Hill Harper, who co-stars in the CBS show "Limitless," does not take the fictional intelligence-enhancing drug NZT-48 featured in the show, but it doesn't seem like that much of a stretch given his storied resume. The actor has been on "CSI: NY," "Covert Affairs" and was recently on the big screen in "Concussion"; Harper also has a bachelor's degree from Brown, a J.D. from Harvard Law School and a master's degree from the Harvard Kennedy School.
It's no surprise, then, that the actor is a strong believer in the importance of higher education. He told CBS News that he wants high schoolers know that they can all afford an education after graduation. The National Honor Society (NHS) alum is working with the organization to help students access financial aid.
"A lot of young people get miseducation and pushed to fear about affording school," he said. "In many ways their dreams are curtailed by misinformation, so I wanted to work with the NHS and their Honor Your Future Now campaign to get people the information they deserve." Harper explained that students can go to the NHS website to learn about the different resources they can use to fund their education.
For Harper, education is very personal.
"My parents really hit home with me the importance and value of education, because to me, it's the foundation to build a life," he explained. "Big goals and dreams need a big foundation."
Harper himself had dreams of becoming a lawyer when he was a student, but he says these dreams changed once he took on a summer associate position at a law firm. "It didn't make my heart beat faster," he said.
Still, Harper says he doesn't regret attending law school at all: "I believe the purpose of education is to expand your options. Study whatever you're passionate about and then do what you're passionate about." Though Harper loved studying law, he decided he loved acting as a career path. But even now, he won't restrict his future.
"I feel that the best way for me to continue throughout my life is to find where I can create my best impact," he said. "If that's political, great. If it's strictly through philanthropy, that's great. Or maybe it will be businesses where I give people jobs, or just continuing to act and get nominated for an Oscar and creating legacy for art."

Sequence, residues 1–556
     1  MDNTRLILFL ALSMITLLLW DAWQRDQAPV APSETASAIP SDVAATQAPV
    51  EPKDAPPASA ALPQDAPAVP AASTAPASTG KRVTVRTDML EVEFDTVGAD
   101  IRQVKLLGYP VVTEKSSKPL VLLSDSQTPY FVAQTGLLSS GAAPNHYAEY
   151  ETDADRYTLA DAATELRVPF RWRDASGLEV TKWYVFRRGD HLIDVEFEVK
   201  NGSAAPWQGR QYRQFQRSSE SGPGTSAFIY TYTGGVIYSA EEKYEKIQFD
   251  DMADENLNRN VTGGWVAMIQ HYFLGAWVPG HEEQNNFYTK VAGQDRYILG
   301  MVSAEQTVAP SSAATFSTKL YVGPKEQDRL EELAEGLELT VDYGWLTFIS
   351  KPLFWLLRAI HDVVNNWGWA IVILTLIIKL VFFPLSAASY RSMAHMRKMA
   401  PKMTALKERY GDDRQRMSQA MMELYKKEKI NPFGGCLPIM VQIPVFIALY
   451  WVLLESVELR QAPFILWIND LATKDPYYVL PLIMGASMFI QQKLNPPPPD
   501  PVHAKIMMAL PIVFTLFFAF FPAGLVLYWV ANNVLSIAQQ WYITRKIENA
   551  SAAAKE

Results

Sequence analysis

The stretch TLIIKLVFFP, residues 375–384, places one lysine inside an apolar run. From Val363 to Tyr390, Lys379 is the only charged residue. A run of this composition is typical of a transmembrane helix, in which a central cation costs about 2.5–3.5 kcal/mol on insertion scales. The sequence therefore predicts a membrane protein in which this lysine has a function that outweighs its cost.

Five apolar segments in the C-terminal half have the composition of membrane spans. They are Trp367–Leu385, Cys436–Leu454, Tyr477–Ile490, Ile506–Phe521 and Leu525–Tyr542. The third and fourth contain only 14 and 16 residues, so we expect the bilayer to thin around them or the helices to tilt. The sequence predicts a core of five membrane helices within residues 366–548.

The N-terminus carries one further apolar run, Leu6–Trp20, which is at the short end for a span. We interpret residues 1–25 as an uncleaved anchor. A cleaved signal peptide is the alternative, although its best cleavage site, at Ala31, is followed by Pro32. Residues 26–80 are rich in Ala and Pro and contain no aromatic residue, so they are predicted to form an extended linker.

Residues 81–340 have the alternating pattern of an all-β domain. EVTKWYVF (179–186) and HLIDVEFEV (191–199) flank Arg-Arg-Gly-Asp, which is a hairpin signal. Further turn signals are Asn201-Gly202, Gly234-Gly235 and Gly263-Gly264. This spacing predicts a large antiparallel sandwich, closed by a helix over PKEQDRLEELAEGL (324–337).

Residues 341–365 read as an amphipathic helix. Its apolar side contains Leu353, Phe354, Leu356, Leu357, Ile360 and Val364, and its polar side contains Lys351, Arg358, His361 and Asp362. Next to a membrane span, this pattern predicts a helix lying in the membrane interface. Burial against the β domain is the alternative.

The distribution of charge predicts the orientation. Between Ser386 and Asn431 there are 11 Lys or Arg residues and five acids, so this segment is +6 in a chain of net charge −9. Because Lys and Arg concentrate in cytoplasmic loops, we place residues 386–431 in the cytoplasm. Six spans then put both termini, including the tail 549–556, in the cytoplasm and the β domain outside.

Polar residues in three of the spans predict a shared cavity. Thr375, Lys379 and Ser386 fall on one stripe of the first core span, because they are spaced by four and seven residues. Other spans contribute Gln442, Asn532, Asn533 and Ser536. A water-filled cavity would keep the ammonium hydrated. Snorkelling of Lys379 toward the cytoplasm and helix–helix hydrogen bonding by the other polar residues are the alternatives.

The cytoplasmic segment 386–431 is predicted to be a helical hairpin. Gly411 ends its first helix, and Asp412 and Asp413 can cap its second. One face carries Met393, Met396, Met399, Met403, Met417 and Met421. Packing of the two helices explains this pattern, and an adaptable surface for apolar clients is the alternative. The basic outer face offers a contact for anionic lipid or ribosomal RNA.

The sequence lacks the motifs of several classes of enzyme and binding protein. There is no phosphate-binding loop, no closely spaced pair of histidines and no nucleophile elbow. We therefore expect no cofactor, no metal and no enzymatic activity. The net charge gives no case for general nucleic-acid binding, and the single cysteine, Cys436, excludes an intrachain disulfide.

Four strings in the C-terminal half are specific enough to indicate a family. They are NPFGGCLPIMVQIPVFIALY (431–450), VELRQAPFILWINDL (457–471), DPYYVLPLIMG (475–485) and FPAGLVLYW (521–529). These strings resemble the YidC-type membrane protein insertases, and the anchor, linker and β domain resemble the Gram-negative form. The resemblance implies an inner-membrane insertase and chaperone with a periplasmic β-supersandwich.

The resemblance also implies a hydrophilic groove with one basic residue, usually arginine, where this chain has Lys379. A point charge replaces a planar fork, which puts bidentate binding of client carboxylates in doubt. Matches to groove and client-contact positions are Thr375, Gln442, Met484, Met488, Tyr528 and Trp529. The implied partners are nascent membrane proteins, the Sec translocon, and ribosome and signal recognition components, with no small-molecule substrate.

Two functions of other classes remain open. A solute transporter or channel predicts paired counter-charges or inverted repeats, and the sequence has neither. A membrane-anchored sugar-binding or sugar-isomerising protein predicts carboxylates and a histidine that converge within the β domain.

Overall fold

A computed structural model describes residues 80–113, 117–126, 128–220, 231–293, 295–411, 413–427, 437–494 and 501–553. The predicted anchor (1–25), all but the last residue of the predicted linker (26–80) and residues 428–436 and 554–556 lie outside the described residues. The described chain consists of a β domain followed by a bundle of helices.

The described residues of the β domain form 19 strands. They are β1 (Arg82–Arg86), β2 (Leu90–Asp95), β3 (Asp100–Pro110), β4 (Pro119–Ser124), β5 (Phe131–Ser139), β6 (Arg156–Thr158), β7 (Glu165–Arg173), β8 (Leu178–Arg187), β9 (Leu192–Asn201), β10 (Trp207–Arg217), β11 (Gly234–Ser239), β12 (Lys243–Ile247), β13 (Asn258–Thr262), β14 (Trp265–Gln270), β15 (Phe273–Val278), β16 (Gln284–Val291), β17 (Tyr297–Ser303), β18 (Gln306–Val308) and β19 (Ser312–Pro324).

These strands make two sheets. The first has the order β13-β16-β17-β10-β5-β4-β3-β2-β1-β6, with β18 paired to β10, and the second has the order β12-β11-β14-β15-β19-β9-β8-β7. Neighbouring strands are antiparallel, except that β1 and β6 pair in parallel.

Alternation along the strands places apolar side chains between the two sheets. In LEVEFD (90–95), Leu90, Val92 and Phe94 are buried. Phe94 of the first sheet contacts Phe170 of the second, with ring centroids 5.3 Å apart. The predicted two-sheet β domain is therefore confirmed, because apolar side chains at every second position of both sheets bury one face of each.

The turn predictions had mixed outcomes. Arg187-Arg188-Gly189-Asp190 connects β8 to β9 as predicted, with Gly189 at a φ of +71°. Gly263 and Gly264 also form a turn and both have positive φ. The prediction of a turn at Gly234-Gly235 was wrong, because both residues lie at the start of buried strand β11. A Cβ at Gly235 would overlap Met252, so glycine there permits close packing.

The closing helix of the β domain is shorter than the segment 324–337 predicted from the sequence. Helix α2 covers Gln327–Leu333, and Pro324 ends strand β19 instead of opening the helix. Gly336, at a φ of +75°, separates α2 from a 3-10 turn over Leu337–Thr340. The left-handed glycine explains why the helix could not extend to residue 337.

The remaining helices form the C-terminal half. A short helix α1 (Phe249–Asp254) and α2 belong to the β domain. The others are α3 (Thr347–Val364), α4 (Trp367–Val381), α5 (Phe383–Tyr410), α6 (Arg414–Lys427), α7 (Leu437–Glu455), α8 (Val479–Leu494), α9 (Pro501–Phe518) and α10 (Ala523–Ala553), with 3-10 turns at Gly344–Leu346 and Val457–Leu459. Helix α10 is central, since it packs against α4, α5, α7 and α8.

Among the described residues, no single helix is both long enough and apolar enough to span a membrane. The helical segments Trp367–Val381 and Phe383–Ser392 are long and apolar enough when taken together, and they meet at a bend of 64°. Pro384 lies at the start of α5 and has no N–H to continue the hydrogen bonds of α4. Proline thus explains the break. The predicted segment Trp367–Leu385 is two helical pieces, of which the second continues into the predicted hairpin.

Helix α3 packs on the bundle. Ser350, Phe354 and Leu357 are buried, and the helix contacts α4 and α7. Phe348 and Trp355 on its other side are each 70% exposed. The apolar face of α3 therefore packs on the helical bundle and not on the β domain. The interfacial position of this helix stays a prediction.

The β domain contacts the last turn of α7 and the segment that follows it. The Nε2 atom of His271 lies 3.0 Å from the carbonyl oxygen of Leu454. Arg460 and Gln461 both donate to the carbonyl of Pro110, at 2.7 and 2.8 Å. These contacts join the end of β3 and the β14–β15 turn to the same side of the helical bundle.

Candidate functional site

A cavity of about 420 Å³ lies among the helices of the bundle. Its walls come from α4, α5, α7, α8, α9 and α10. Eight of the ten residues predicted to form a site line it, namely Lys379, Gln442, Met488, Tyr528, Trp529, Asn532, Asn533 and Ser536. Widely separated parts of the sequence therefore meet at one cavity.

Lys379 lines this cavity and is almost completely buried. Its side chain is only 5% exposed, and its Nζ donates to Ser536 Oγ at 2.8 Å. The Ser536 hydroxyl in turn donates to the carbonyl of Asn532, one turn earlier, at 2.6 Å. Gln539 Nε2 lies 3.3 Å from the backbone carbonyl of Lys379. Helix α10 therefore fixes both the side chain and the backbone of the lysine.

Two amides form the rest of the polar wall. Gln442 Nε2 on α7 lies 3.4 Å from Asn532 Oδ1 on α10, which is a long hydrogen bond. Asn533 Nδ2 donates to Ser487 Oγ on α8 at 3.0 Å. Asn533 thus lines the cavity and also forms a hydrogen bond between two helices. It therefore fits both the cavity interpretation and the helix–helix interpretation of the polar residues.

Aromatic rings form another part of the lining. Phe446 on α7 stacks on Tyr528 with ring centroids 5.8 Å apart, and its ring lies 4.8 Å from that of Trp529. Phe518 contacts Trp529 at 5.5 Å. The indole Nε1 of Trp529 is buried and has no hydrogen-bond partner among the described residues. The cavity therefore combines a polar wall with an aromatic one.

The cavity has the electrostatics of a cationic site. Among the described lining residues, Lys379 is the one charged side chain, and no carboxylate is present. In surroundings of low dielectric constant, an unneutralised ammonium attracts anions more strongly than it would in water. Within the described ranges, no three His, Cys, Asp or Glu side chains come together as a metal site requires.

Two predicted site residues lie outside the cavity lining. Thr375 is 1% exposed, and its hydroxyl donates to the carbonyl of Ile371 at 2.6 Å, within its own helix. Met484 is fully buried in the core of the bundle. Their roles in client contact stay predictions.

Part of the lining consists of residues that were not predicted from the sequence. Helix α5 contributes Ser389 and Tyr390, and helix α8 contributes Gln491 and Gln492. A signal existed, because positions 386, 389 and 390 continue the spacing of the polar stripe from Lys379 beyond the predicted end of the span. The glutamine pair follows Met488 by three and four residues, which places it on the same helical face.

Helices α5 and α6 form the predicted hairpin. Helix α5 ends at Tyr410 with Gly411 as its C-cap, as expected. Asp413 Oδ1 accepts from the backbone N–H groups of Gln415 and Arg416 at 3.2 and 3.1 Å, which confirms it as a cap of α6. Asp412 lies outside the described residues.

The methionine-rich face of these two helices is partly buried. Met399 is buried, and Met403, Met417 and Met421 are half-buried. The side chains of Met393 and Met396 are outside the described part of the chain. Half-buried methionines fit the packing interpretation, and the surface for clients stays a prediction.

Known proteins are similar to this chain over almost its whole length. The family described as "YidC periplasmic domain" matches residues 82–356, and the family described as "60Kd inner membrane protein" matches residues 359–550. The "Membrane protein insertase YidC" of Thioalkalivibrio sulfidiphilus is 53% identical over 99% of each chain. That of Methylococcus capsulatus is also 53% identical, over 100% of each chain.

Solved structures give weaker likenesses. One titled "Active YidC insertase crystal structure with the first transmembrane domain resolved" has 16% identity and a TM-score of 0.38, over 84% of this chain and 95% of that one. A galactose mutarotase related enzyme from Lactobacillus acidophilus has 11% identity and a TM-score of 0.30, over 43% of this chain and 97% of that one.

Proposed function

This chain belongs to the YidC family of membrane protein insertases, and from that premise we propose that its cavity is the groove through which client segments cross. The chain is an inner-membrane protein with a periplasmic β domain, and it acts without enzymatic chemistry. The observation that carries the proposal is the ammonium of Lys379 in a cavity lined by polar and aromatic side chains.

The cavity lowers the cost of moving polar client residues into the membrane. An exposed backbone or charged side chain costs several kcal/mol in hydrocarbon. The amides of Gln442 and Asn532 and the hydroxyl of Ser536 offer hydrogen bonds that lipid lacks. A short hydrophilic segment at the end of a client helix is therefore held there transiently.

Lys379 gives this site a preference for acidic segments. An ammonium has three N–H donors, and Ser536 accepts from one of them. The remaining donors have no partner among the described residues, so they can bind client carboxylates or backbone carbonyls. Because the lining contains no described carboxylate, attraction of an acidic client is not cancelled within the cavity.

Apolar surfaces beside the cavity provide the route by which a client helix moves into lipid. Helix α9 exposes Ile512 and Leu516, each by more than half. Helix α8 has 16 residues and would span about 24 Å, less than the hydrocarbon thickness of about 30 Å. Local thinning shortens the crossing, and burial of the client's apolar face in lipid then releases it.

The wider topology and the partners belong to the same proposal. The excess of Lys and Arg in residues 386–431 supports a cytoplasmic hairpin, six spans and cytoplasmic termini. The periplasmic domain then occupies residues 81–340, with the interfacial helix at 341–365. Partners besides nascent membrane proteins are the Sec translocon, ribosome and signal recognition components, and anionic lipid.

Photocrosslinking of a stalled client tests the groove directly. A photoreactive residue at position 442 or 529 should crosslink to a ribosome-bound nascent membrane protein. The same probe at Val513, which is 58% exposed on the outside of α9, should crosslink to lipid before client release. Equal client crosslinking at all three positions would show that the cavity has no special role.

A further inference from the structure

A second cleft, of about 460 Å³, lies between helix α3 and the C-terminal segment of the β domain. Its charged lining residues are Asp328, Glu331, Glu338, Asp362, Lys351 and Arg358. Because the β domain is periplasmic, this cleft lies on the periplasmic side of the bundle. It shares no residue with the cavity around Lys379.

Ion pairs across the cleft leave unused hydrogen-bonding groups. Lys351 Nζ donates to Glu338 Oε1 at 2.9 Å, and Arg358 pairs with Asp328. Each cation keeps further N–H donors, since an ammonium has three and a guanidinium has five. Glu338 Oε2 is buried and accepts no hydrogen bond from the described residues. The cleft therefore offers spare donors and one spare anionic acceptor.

Speaking of the Academy Awards, what does the actor think about the #OscarsSoWhite controversy?
"Hopefully, this controversy will encourage more hiring, for instance, in the executive ranks and folks who can greenlight material that's more diverse," he responded. "There's no way to get nominated for an Oscar if it wasn't made and hopefully the conversation will make its way to this." Harper, for the record, does believe that his "Concussion" co-star Will Smith deserves an Oscar nod for his leading role in the film.
Harper also opened up on the Black Lives Matter movement and shared his hopes for the future.
"We really have to have a conversation about community-based policing versus military-style policing," he said. "Police officers are being taught to behave in a much more militaristic style versus community-based because they're not living where they police. If you're patrolling the area, you should live there. That way you get to know the people and the conversations are very different." Harper recently spoke at the Martin Luther King Jr. Parade in San Antonio, Texas, and is a very active voice in the Black Lives Matter conversation.
His main role at the moment, though, is as Special Agent Spelman Boyle on "Limitless," a show he calls "creative, risk-taking and innovative."
And would he take NZT-48 if given the chance?
"Absolutely," he said. "It gives you access to every part of your brain capacity and everything your subconscious or conscious has ever come into contact with. You could consciously remember being in your mother's womb. Come on, would you pass that up?"